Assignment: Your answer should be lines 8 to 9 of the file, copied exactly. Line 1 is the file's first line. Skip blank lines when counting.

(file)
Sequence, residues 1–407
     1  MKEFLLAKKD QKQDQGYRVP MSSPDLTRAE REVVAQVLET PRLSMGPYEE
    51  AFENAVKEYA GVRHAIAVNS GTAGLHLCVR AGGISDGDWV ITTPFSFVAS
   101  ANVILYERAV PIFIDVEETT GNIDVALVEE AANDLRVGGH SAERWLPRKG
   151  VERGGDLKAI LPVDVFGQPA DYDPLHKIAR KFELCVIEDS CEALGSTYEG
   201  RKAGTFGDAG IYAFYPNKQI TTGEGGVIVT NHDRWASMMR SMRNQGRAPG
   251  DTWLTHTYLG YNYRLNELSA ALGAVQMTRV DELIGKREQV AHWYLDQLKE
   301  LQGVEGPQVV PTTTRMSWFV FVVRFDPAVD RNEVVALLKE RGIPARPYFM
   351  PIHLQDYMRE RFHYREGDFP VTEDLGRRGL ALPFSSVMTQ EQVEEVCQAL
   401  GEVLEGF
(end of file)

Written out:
   301  LQGVEGPQVV PTTTRMSWFV FVVRFDPAVD RNEVVALLKE RGIPARPYFM
   351  PIHLQDYMRE RFHYREGDFP VTEDLGRRGL ALPFSSVMTQ EQVEEVCQAL